Friday, April 18, 2014

Review of Blue Mars by Kim Stanley Robinson

It took me several months, but I finally finished reading Blue Mars (Bantam Books, 1996) by Kim Stanley Robinson, the final book in the Hugo and Nebula Award-winning trilogy that began with Red Mars (1992) and continued with Green Mars (1993).  I believe that it is safe to say that KSR has written the definitive speculative fiction work of all time on Martian terraforming, and that he will retain this distinction until humans actually settle on Mars--and perhaps retain it even then, as it is quite likely that his science fiction will become science fact.

Kim Stanley Robinson (b. 1952) (pictured) holds a Ph.D from the University of California-San Diego.  He is a stay-at-home dad and full-time writer.  Dr. Robinson is widely recognized as one of the most important and influential living writers of science fiction.  Reference to this and additional biographical information may be found here:  http://kimstanleyrobinson.info/w/index.php5?title=Kim_Stanley_Robinson.



An incredible amount of research must have gone into the writing of Blue Mars, which not only describes the final stages of Martian terraforming in minute detail, but describes in some detail the manner in which the rest of our solar system might be transformed into celestial bodies able to support human life as well--not a single planet or planet-like moon or even large asteroid is left out.  KSR's knowledge of biology, biochemistry, geology, areology, vulcanology, meteorology, astronomy, theoretical physics, metallurgy, genetics, philosophy, economics, political science, psychology, ecology, planetology, and just about every other "-ology" is staggering.

The book not only works as a scientific treatise on terraforming--it works as a character-driven novel as well, albeit with complicated plot lines.  KSR tells the story from the points of view of several diverse and different characters, many of whom were introduced at the beginning of the trilogy and are still around at its end thanks to a plausible longevity treatment.  The human message of the novel is one of hope--of what it might be like to be on the cusp of a golden age of art, science, reason, and of understanding the universe and our place in it.

Only readers who are geniuses with degrees in multiple disciplines are likely to be able to appreciate KSR's accomplishment completely.  My advice to readers is not to allow the complexity of the work to overwhelm--just "go with it" and, perhaps, one day come back to it.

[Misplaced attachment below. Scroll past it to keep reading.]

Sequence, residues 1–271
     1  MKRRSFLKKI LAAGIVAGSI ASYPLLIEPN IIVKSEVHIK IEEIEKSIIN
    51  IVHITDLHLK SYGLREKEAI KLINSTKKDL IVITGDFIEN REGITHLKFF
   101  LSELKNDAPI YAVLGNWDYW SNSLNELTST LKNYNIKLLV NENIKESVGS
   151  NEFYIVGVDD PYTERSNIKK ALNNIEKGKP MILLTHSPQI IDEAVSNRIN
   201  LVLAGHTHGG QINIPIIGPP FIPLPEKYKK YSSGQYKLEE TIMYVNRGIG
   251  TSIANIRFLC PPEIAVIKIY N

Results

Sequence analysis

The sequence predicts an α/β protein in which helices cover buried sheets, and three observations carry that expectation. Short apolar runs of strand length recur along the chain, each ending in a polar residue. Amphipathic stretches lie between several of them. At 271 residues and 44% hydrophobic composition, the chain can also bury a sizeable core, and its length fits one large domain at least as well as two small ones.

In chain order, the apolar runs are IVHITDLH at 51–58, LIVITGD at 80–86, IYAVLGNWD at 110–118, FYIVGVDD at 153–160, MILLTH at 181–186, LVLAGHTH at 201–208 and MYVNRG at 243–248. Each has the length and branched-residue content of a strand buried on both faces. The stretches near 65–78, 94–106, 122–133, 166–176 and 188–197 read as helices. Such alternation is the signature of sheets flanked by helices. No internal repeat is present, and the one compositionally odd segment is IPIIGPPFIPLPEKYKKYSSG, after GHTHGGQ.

Poem of the Day: "Oneirology" by Jason Gordon

"Oneirology" by Jason Gordon (no relation to the editor) is the Songs of Eretz Poem of the Day for April 18, 2014.  The poem appeared in the Winter 2014 (yes, 2014) issue of Amethyst Arsenic.  A link to the poem, including a brief bio of the poet, may be found here:  http://www.amethystarsenic.com/issues/4-1/jason-gordon.php.

"Oneirology," presumably pronounced "won-er-ology" and possibly meaning "the science of oneness," is organized in eight, numbered, free-verse parts.  Overall, there is a surrealistic, dream-like quality to the poem.  However, each part is presented in a different style and each would work as a stand-alone poem.

Part 1 is organized as two stanzas of five lines each followed by a final, one-line stanza.  The free verse employed has a regular rhythm--there are three feet in each line.  The first two stanzas invite the reader into the dreamworld of the poet--to sail on the wind through the open window into the poet's dream room, to be more precise.

Part 2 is organized as seventeen lines of irregular free verse, each line having between two and four feet.  It begins by commenting on the dull realities of day-to-day life, then contrasts this with the world of dreams.  The final two lines introduce angels, a motif which will feature prominently in other parts of the poem.  The imagery contained within the metaphor for the birth of these angels is breathtaking.

Part 3 is organized as seven lines of irregular free verse and continues the angel and angel-birth motifs.  The reference to "butter" in the penultimate line recalls the reference to microwave popcorn in the final line of Part 2.

Part 4 is organized as ten lines of irregular free verse and contains many interesting metaphors--some almost cliché, such as the beach as "a giant ashtray" and "Dorothy's Kansas," others refreshingly original--such as the sound of the ocean as that which is heard in the womb minus the mother's heartbeat, and the mind-blowing notion of a weatherman unscrambling eggs.

Part 5 is organized as eight couplets of irregular free verse.  Each couplet expresses a delicious irony and, despite the use of enjambment, could stand alone in the manner of a landay or haiku.

Part 6 departs from the verse form of the previous stanzas.  It is presented as a prose-poem, reminiscent of the prose part of a haibun.  A phone line metaphor is introduced, perhaps as a means to connect the dreamworld with the world of reality.  Ironically, by the end of Part 6, the speaker seems more lost and confused than ever.

Part 7 departs further from the presentations of those previous.  It is presented as twelve single-line stanzas.  A sperm/whale conceit introduces a Lewis Carroll-like treatment of the gigantic and the microscopic into the dream logic.

Part 8 is organized as a quatrain followed by a couplet followed by a final single-line stanza.  The rhythm is fairly regular, with two or three feet per line, recalling the regularity of Part 1.  However, here, instead of being invited into a dream, the reader is invited to share the speaker's insomniac waking nightmare.  The final image is that of the mentally fried speaker looking on with detached horror as ghosts piss his name in the snow.